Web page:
Don’t copy and paste a generic template to every one of the conferences you listed. That’s the fastest way to get deleted and to never hear back from anyone.

Again, you’re building a relationship don’t pitch on the first meeting.

What to do instead:

  • Inquire about the event.
  • Keep it short.
  • Ask specific, intelligent questions that can be answered quickly.

For example, you could ask, “When will you be taking speaker applications for the upcoming XYZ event?”

Be respectful of people’s time. Don’t go into your story and how you got into speaking.

Provide 3-4 sentences on who you are, what you speak about and how you can help their audience with your message.

Follow up a few days later.

If no reply, wait another week and follow up again.

If no answer, wait until the event is a little closer and try again.

Ultimately, you should be reaching out 3-6 months in advance. Some events book out longer — some shorter. This is why you’re contacting decision makers with plenty of notice. It’s important to be prepared.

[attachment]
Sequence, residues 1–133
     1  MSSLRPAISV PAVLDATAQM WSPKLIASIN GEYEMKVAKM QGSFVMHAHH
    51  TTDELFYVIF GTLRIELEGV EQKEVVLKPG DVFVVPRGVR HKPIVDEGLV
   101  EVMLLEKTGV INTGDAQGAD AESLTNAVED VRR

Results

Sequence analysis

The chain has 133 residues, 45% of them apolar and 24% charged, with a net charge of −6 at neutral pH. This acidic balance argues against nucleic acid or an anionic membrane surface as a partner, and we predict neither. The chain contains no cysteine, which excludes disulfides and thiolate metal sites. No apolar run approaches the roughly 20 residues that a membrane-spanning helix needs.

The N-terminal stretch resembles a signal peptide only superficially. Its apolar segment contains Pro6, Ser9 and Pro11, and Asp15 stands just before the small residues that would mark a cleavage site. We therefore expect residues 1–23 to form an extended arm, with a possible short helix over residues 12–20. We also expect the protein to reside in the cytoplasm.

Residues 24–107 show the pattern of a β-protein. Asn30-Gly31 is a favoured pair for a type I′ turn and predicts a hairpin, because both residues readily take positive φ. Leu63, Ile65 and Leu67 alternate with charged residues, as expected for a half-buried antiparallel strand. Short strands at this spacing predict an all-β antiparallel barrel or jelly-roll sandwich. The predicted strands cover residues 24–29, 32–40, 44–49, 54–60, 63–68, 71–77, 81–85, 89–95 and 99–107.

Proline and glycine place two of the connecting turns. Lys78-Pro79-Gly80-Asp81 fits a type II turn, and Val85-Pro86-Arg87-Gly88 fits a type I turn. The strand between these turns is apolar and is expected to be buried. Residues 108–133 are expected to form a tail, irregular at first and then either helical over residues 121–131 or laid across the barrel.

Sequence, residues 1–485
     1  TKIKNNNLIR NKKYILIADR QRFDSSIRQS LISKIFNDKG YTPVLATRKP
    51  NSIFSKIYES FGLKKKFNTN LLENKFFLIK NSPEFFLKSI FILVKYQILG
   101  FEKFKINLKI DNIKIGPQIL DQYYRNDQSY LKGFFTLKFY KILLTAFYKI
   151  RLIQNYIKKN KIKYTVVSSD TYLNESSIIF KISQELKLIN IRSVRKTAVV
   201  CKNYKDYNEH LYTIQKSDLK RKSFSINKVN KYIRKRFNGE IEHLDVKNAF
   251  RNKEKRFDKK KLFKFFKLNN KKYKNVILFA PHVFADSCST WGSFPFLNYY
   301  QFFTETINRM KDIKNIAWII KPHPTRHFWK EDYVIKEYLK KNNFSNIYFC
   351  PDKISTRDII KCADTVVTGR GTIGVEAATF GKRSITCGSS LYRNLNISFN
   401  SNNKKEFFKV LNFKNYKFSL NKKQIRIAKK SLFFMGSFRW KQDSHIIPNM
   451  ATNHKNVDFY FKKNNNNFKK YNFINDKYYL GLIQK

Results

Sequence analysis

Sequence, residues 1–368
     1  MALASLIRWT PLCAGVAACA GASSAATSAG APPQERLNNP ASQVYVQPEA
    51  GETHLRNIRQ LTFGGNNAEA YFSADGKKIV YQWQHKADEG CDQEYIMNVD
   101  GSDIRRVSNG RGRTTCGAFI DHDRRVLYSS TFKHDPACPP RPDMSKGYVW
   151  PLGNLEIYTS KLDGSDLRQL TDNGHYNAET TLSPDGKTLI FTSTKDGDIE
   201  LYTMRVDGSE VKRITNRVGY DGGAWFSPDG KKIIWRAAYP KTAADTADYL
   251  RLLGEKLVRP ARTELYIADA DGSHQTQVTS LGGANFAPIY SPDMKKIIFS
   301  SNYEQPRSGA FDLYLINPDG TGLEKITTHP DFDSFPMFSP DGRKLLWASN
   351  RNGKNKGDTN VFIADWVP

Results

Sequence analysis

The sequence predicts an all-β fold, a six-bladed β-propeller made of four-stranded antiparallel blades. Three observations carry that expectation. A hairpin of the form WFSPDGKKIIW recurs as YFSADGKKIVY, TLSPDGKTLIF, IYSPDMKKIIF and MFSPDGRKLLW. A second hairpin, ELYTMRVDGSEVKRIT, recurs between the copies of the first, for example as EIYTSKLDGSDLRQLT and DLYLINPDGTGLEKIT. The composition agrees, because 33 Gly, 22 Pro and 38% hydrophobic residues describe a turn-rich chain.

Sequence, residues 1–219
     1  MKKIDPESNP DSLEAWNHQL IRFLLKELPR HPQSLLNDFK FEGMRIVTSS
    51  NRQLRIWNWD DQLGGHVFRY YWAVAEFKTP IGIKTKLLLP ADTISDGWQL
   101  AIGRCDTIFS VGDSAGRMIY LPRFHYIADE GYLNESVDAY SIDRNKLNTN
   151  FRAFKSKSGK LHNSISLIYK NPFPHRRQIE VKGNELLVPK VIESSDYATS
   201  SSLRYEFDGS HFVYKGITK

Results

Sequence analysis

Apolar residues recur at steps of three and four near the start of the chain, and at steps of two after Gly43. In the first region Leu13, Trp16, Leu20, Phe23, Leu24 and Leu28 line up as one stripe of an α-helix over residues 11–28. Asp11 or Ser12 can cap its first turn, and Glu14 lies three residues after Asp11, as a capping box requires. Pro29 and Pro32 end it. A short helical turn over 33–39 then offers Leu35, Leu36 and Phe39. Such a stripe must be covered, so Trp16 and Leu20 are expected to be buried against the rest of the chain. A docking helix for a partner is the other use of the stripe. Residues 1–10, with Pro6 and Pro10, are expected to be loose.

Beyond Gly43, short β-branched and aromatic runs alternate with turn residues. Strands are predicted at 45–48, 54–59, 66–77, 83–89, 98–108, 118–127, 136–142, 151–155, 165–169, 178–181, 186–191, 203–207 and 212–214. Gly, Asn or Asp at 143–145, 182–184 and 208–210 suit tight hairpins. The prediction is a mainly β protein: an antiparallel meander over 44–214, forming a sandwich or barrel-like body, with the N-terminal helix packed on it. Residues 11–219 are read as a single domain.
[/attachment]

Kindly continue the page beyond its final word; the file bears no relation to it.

How much to charge

You may well be wondering now, “how much should I charge per speaking gig?” We’ve created a guide to answer just that question, which you can find here, and a FREE speaker fee calculator, which you can use here. For more, read on.

Have a fee structure

A fee structure gives a client options. Generally offer 3 different options. You want just one keynote? It’s $X. You want a keynote and two workshops? It’s $XY. You want a keynote + two workshops + 100 books? It’s $XYZ. It’s the same reason fast food chains offer you “value meals” or you can buy ala carte. Every event planner has different needs and a different budget, so offer them options. (for more on speaking fees, check out this episode of The Speaker Lab podcast)

Do all inclusive pricing

There’s two ways to price travel…separately or all-inclusive. We’ve done both and recommend all-inclusive. It’s easier for you the speaker, and there’s no surprises for the clients. It’s just generally simpler for everyone. (for more on fees and travel, check out this episode of The Speaker Lab podcast)

Be confident in the value you offer